We That Are Young – Preti Taneja
By uczcrot, on 28 April 2018
Preti Taneja’s We That Are Young, published in 2017 by Galley Beggar Press, has one of the most unique literary foundations that I have come across in recent years. The debut novel is a retelling of one of Shakespeare’s best-known plays, and while this in itself is not unusual, the way in which Taneja reimagines the story of King Lear is. Set during India’s anti-corruption protests of 2011, We That Are Young explores Indian culture from the perspective of a group of privileged men and women, all of whom share deeply complicated relationships with the fictional and inherently corrupt organisation ‘The Company’. Run by Devraj Bapuji, a mentally deteriorating man who steadfastly adheres to the principles taught to him by a disgraced Maharaja father, The Company (the title of which is always capitalised) is a corporate monster with connections to seemingly every aspect of Indian infrastructure.
The undoubtedly tragic plot is driven by the fallout of Bapuji’s sudden decision to retire and to split his shares of The Company between his three daughters: Gargi, Radha, and Sita. All three women desire different things for their father’s organisation, but all three are prevented from acting on their own behalves because of their identities as women in an elitist subsection of Indian culture where outdated principles still apply. Their stories intertwine with those of Jivan and Jeet, half-brothers who have grown up under the guidance of The Company’s right-hand man, and who offer opposing perspectives on the insecurities and cold ambitions that exist within the organisation’s masculine figures. The narrative is largely told from the perspectives of these five characters, although there are odd moments where the narrative voices are wrestled back under the control of Bapuji. All of the central characters act to give the reader access to necessarily complex views of the entitled world in which they operate but while all are well-written the three sisters are the most fleshed out characters; rarely have I read a narrative with such unflinchingly human portrayals of women. Gargi, Radha, and Sita are deeply flawed and often stunted by the misogynistic landscape that they have grown up in, a culture where inheritance law requires a male to dictate how much each women should receive, where even in a 2011 setting all faults can be blamed on gender and hiding identity through technology is the only way to make sure that their voices can be heard. Yet all three sisters make choices that contribute towards their tragic downfall, and while the variety and range of abuses that they suffer at the hands of the public and by the men that are closest to them are deeply shocking, the women are so thoughtfully written that they can be seen as more than simply victims. Jivan and Jeet also face abuse and discrimination, the former for being the illegitimate son of a high-ranking official, the latter for his sexual orientation. However, the difference between them and their female counterparts is that while the men struggle to reinvent themselves to impress their superiors, the women go through a narrative of constant oppression in an attempt to simply discover an identity outside of the male gaze. Following along as the three sisters are punished for daring to attempt to grow makes them infinitely more sympathetic as characters.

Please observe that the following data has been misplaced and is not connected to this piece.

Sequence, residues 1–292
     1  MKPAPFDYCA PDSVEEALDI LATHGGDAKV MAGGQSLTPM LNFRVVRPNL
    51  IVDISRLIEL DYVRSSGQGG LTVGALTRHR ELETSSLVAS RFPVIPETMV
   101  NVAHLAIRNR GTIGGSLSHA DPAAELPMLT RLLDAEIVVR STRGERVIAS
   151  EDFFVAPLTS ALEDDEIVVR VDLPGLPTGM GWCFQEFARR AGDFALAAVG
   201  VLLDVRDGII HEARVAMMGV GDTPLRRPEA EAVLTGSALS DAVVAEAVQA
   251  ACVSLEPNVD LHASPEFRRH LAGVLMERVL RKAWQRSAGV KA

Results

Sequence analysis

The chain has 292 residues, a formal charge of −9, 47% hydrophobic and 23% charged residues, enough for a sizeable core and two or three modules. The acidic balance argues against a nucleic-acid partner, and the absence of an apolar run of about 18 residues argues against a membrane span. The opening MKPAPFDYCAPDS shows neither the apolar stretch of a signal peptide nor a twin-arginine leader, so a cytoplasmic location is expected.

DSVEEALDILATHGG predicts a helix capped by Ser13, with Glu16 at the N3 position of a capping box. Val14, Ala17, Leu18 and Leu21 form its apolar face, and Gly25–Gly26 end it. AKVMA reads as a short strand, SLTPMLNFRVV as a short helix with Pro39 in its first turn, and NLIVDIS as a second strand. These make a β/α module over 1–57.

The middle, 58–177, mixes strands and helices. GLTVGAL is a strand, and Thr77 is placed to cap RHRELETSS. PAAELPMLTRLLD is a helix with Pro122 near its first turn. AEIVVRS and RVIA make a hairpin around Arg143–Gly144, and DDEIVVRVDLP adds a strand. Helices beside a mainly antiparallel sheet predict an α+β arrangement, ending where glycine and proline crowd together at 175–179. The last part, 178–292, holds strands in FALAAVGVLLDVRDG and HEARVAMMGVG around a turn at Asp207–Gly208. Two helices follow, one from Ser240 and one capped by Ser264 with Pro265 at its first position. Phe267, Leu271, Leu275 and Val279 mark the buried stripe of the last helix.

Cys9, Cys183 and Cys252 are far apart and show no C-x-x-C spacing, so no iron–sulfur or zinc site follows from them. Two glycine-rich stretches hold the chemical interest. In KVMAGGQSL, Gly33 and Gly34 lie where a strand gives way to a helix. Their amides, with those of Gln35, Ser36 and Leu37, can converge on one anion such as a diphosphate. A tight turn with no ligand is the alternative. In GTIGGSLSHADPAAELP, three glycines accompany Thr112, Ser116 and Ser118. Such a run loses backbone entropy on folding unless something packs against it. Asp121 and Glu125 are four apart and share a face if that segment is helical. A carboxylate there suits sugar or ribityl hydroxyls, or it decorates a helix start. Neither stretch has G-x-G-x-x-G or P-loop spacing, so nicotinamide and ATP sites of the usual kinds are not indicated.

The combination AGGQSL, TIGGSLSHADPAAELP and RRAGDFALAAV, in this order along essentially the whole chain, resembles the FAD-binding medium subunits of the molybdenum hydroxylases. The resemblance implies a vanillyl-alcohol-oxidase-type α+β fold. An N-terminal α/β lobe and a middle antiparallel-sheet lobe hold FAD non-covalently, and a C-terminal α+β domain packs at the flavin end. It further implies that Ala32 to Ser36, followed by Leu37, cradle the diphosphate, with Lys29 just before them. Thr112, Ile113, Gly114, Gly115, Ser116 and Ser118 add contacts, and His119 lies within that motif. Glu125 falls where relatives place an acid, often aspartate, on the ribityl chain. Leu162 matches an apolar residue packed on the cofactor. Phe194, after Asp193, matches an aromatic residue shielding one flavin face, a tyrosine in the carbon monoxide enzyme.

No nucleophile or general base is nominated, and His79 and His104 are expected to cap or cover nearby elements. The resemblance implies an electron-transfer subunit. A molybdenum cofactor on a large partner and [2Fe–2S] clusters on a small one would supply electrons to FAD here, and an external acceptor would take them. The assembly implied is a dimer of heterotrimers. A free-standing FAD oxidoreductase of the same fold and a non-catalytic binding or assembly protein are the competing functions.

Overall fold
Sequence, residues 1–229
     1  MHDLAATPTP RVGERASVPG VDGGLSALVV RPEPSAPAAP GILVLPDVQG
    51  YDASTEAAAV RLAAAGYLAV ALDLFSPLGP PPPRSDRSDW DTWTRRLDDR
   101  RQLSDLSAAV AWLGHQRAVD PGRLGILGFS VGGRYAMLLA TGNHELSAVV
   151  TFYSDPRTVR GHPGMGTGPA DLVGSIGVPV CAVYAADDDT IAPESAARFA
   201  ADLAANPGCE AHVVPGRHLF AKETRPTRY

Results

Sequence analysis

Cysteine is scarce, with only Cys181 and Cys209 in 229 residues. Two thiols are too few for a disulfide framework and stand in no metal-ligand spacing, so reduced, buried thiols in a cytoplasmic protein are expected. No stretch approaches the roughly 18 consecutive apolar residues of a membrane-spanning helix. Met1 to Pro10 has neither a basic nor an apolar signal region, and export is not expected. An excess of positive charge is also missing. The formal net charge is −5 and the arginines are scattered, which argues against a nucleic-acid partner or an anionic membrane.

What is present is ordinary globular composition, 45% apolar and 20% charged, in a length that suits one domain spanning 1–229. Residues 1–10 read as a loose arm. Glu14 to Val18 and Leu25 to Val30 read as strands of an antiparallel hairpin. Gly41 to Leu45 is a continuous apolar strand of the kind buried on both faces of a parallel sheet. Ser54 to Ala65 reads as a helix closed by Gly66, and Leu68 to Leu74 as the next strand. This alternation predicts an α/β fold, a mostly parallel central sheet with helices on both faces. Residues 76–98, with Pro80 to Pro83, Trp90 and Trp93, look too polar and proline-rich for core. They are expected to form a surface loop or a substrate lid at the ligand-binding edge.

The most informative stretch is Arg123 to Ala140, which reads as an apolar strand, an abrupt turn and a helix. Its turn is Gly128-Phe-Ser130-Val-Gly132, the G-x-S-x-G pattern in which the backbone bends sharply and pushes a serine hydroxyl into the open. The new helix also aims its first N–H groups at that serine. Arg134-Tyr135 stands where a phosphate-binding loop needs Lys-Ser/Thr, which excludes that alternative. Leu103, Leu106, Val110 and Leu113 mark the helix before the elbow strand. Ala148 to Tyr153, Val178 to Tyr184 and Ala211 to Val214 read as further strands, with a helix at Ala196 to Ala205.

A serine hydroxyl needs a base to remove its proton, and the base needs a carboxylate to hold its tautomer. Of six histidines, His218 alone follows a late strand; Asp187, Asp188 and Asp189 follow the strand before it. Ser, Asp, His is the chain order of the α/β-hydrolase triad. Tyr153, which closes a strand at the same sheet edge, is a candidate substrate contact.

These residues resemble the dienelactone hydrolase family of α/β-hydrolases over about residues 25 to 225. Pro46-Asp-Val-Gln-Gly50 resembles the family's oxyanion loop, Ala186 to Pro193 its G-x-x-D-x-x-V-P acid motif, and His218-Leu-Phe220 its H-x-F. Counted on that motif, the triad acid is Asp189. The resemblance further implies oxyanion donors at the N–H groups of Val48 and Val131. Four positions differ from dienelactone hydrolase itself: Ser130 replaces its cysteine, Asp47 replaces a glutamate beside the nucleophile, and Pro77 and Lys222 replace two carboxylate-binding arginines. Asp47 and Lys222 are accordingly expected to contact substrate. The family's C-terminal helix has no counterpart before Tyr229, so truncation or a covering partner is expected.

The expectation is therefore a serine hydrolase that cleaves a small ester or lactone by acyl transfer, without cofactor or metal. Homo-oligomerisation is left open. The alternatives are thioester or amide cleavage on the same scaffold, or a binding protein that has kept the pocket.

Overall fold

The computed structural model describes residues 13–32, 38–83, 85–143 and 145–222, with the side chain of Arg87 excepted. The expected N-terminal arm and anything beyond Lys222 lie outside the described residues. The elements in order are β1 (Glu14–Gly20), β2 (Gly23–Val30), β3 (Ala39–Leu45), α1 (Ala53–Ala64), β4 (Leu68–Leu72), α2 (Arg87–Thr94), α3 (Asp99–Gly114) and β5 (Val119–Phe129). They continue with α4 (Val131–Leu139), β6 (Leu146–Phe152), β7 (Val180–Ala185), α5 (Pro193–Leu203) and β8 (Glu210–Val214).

We That Are Young is in no way an easy book to read. Taneja presents the reader with a version of India that does not pander to Western expectations, and that is more interested in human complexity than in portraying easily understandable protagonists. Her writing style is stunningly descriptive and often loaded with unusual metaphors; there are times when she forces you to look deeper into her word choice in order to comprehend what a character is actually doing in a scene. As with the original Shakespearean play there are instances of extreme violence, and again Taneja is not interested in signposting how the reader should feel or approach those moments, although it is safe to say that they are both extremely graphic and shocking. There are several occasions where conversations in Hindi remain untranslated, and it is clear that parts of the novel are not meant to be understood by everyone. Preti Taneja offers an vision of India that is rich and colourful, but also one with deep-rooted issues that cannot be explained or fully comprehended in one reading of her novel. At 553 pages this is not a light read, but for those who are willing to take on the challenge it is an incredibly rewarding, if emotionally affecting experience, and one of the strongest narratives that I have read in a long time.
We That Are Young is published by Galley Beggar Press